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The Unquenchable Spirit of Artist Lê Triều Điển

“Điển is like a flower; there is no question of growing or not growing.”

It’s the same with Lê Triều Điển and creating art, according to his fellow painter and friend of many years, Tri Ròm.

“My paintings are like scar tissue,” Điển says when pressed for the best feedback he’s ever received about his paintings. “You might look at them and see rubbish, but they heal pain,” he adds before likening them to the lotus flowers that emerge from the muck in his delta homeland.

A flower emerging from mud is an apt metaphor for Điển’s life and career as a whole. He was born in the Mekong Delta in 1944, and the past eight decades have involved the poverty, sacrifice, war and trauma that are sadly common to his generation, as detailed in his powerful autobiography The Journey of Alluvium. Yet, like a lotus refusing to wilt during a drought and blooming spectacularly when the rains return, Điển has triumphed to become an important, successful artist.

Luxury cars were filling with people who had just finished lavish breakfasts behind myself, Tri, Điển, and his daughter-in-law at the restaurant of the homestay in Can Tho we’d stayed at the night before. The street leading in along the Hau River was lined with imposing new mansions looming behind gaudy gates and I commented to Điển about how different the area must look from when he was stationed in Can Tho during the American War, when the river was “patrolled up and down by warships and patrol boats day and night” and the surrounding area was full of “coconut orchards with topless tree trunks, paddy fields devastated by clearing chemicals.”

Yes, he said, the area was very different from when locals here went out in the middle of the night to catch mice and snakes and frogs to sell at the “ghost markets;” but “go into one of those houses and look at their walls, they have no real art.” This is as damning a description as Điển can levy, because to him art, in addition to family and community, is the most important part of life.

Điển is refreshingly unimpressed with money, sometimes to the frustration of people attempting to sell his paintings. His friends casually mention the great numbers of paintings that were sent overseas for various sales or collections that he never saw again or received payment for, and there is even discussion of a zoo in Denmark that plagiarized his plans for a giant panda enclosure.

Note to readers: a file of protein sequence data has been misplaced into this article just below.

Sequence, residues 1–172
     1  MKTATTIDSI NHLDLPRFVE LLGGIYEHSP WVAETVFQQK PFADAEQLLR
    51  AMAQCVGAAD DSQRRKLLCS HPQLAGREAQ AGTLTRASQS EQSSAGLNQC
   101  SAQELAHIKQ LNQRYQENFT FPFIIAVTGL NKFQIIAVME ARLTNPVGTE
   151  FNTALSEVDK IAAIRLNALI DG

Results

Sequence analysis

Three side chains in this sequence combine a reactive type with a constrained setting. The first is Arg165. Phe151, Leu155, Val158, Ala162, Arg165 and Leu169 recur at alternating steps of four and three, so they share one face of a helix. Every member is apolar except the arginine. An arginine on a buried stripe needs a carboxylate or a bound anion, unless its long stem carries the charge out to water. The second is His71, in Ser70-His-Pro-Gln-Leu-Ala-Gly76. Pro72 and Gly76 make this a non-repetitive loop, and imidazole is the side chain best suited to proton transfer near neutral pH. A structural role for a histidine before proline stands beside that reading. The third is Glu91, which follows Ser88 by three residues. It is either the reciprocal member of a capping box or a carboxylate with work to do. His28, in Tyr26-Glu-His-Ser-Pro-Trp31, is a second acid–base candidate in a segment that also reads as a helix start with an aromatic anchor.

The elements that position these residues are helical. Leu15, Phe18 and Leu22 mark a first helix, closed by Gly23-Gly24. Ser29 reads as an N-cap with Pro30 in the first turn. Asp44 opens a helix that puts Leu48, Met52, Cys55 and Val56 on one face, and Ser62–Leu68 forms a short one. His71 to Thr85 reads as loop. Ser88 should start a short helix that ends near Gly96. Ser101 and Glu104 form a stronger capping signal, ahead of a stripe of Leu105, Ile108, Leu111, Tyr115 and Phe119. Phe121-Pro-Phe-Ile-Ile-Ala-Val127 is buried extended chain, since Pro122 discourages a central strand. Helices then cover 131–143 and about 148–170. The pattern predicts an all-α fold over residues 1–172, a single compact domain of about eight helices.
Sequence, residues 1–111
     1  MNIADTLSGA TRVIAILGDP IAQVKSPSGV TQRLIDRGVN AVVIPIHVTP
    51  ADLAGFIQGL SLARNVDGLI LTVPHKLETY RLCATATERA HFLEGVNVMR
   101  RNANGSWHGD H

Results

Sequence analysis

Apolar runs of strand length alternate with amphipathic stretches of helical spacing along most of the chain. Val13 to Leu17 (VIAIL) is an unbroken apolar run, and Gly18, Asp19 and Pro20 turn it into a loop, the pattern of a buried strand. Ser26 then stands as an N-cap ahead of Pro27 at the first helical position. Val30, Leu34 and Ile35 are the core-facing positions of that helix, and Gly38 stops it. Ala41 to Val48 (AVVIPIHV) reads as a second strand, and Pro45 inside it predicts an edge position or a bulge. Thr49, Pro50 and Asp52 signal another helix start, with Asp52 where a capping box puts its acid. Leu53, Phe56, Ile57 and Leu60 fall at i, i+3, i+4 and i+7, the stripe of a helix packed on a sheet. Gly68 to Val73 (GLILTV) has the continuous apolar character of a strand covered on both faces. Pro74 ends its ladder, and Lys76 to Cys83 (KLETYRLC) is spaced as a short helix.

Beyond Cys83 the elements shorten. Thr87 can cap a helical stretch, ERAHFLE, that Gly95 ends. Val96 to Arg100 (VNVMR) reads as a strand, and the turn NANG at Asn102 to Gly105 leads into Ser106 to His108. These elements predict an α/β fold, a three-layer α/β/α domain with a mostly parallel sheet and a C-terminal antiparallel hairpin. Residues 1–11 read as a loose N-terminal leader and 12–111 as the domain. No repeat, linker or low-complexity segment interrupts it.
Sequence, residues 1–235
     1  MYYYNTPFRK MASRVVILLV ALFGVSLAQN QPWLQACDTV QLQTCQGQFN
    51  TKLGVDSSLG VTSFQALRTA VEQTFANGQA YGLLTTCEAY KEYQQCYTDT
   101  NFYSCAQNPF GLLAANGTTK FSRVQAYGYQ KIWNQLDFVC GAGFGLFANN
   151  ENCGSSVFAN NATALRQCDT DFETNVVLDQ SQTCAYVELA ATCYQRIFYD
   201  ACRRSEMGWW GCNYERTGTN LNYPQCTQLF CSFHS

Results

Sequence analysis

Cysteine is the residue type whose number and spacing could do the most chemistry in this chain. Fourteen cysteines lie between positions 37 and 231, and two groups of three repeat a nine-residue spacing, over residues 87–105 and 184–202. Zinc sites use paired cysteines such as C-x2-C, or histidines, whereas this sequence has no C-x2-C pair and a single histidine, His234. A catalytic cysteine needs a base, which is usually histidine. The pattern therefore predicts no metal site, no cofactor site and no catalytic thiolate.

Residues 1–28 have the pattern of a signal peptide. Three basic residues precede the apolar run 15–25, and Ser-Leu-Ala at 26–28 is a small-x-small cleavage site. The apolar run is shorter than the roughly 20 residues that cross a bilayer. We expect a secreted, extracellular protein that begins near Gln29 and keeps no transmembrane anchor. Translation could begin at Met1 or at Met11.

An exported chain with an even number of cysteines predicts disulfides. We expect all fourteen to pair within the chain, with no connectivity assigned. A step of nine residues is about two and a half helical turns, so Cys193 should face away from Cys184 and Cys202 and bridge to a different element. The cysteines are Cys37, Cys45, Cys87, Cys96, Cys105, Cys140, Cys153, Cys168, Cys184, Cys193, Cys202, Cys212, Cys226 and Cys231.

At one point during our weekend together, a gallery owner who was with us brought up plans for an exhibition in Hanoi to sell his paintings. Điển simply lit a cigarette, threw up his hands and walked away while telling the man to talk to the woman who manages those matters for him. Asked point-blank what he thinks of the business side of art, he says one needs to understand it but ultimately, “as an artist, you make art, you do your best. Everything else? Leave it to other people.”

“Emotions as Transparent as Water from its Source”

The one constant throughout Điển’s life has been creation. At the age of 12, he moved to Saigon for a formal art education. While he didn’t enjoy the rigid coursework and sterile approach to painting, living in the city introduced him to a variety of other artists, writers and creatives whose philosophies and lifestyles proved fundamental for how he would approach the world and his place in it.

Điển was able to avoid frontline conflict during the war by producing technical drawings and later studying aviation mechanics. During the war, he drifted between Da Nang, Can Tho, Vinh Long and Saigon, surrounding himself with a great variety of passionate individuals to discuss literature, poetry, music, and painting while producing literary journals and hosting small art exhibitions at cafes and bars. He lived, he says, as a bụi đời (dust of life), a vagabond. With little more than a chair that could unfold into a comfortable enough bed, he moved from here to there on a whim with frequent trips to visit his family.

During those years, painting was a sort of therapy for him. “I felt that I was painting for myself, for my own soul that was suffering the pain of my war-torn country. I painted my dreams and hopes of a peaceful future, and I painted children’s pleasure and laughter on a happy field. I painted temples in ruin but young buds rising from burnt tree stumps could be seen.”

Yet he did not paint according to the styles he had been taught in school, nor did he follow any specific trends. Rather, he followed his instinct and spontaneous inspiration, never arriving at a blank canvas with a plan or idea, simply letting the lines and colors flow as they must. “I gradually eliminated all the craftsmanship, got rid of technical performance and returned to the nature of my innocence like a child drawing as simply as those ancient people leaving their paintings on cave walls, with emotions as transparent as water from its source flowing over gravel and stones to reach the plains,” he says.

He continues with this approach today. His often very large paintings have a raw boldness typified by strong lines and arrows that seem to rush across the canvas like waters surging across a floodplain. Given his biography, one can imagine scenes of delta floodplains, rice fields and humble countryside homes. There are also elements of sign language, Khmer and Oc Eo cultures and Theravada Buddhism. Điển can be evasive regarding what an actual painting is of, preferring viewers to take from the scenes what they will. This tendency to not explain every element of his work does not suggest a lack of artistic clarity, however.